Tuesday, April 22, 2008

#15 - James Buchanan, 1857-1861

Today is Primary Day in the Commonwealth of Pennsylvania. It is appropriate that we have arrived at the 15th President on this particular day. For as Franklin Pierce was New Hampshire's only president, his successor, James Buchanan ranks as the only President from the Keystone State. Tomorrow marks the 217th anniversary of the birth of President Buchanan. He is also the only U.S. President who was never married (perhaps you've heard a rumor or two, but I'll leave that alone, I still need to work with J in PA).

Buchanan tried desperately to hold the Union together, but it fell apart as his presidency came to an end in 1860. A strict Constitutionalist, he tried with his appointments and legislative agenda to avoid civil war. The situation was note helped when the Dred Scott decision was issued by the Supreme Court (the Chief Justice of the Court was Roger Taney, who had a connection to Buchanan - does anyone other than J in PA know what it is?) two days after Buchanan took office.

Historians generally look upon Buchanan's failure to deal with the secession crisis as the worst presidential mistake ever made. With that and his other presidential achievements, leadership qualities, failures and faults (such as corruption), James Buchanan's ranking places him among the two or three worst Presidents in history (sorry J in PA).

The Facts
  • Born April 23, 1791 near Mercersburg, Pennsylvania
  • Died June 1, 1868 in Lancaster, Pennsylvania (age 77)
  • Party - Democrat
The Election of 1856
  • James Buchanan (D) - 1,836,072 popular votes / 174 electoral votes
  • John C. Fremont (R) - 1,342,345 popular votes / 114 electoral votes
  • Millard Fillmore (Know-Nothings) - 873,053 popular votes / 11 electoral votes
  • The 1856 election was the first contest between Democrats and Republicans, with the Republican party having been established in 1856.
Trivia
  • While Buchanan served in many elective and appointed offices (including as James Polk's Secretary of State), he turned down an appointment as Supreme Court Justice from Polk.
  • Buchanan is the last Secretary of State to become president, ending the prominence of that role in the cabinet as a step to the presidency.
  • As Buchanan was not married, he asked his niece, Harriet Lane, to serve as first lady.
  • As the country began to spiral into civil war, Buchanan actually believed he would be the last president of the United States. He is alleged to have said to Abraham Lincoln on March 4, 1861 (Inauguration Day), "My dear, sir, if you are as happy on entering the White House as I on leaving, you are a very happy man indeed."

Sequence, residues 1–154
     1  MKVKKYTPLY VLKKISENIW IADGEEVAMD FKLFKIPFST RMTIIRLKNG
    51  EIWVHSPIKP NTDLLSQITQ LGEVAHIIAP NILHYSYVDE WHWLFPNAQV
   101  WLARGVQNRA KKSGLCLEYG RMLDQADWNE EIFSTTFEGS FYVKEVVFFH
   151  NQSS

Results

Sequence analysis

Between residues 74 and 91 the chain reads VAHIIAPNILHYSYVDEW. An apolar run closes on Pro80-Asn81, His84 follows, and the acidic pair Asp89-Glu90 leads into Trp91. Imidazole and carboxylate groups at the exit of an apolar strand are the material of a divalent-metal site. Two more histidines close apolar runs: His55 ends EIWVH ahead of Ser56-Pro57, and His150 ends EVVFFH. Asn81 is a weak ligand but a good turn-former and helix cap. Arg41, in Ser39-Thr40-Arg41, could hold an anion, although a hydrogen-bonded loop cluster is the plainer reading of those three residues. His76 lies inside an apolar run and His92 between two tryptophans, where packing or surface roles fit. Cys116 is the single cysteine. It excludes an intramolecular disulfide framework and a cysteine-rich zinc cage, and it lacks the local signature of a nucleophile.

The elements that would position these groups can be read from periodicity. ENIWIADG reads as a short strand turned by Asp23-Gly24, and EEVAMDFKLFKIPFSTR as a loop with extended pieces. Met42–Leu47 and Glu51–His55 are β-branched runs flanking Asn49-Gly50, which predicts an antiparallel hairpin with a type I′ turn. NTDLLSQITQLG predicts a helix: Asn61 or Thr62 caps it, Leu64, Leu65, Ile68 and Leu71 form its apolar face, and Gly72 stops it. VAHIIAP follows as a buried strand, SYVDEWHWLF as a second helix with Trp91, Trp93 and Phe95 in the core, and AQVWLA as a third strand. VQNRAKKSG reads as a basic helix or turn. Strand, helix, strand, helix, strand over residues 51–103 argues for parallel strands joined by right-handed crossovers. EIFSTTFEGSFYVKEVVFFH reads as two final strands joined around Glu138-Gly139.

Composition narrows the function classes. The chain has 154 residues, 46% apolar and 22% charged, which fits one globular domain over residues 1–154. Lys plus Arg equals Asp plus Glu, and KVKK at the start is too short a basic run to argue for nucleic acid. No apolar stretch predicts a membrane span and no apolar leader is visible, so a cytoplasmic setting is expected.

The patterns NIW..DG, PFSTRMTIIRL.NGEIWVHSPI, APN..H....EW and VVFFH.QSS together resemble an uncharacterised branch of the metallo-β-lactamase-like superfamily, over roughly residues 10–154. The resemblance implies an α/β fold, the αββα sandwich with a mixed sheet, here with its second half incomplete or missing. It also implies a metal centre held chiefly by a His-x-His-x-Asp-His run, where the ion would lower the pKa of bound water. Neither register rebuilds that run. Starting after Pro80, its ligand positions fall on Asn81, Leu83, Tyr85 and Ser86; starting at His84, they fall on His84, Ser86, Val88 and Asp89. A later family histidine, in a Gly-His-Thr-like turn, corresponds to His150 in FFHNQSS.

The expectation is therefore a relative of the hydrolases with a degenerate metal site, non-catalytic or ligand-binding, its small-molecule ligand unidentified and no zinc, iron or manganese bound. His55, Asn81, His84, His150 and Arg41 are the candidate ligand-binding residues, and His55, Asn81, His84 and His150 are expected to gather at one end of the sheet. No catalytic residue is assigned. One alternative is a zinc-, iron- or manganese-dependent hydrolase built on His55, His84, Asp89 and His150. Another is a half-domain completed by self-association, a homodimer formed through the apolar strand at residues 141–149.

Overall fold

Links

3 comments:

Anna van Schurman said...

Wheatland is very interesting and worth going to. Also interesting the reason we call the First Lady the First Lady is that Harriet wasn't his wife, and they needed something to call her. Or at least that's what they tell you on the tour.

Lana Gramlich said...

*LOL @ the quote to Lincoln!* Charles has said that "anyone who wants to be President shouldn't be allowed to be President." He may be onto something...

J in PA said...

Rather late making a comment. My apologies. Very bust week.

I take no issues with any of your statements. As president, not the best. Very arrogant, pompous, and egotistical, as a person. I think that was, in part, because of the ill treatment he felt he suffered because of his lower position when young - particularly by the man who might have been his father-in-law, had Coleman thought better of him. (Buchanan's psychology is far more interesting than his politics.)

And speaking of his politics, he was better at negotiating the political machine than being a leader. Which is why he finished poorly. Was a compromising legislator, not a decisive executive. Sadly he knew the problems of the nation would lead to disaster, but he couldn't overcome his egotistical desire to lead the nation - no matter how many times he said he didn't want it. Ironically, he is among the best prepared, in terms of other jobs held, for the office of president.

Oh, and as far as the Dred Scott decision, Taney wasn't the only other Dickinson alum on the bench. Grier was also an alum, and a signatory of the majority opinion. Author of the minority opinion was a Dickinson trustee. Small world.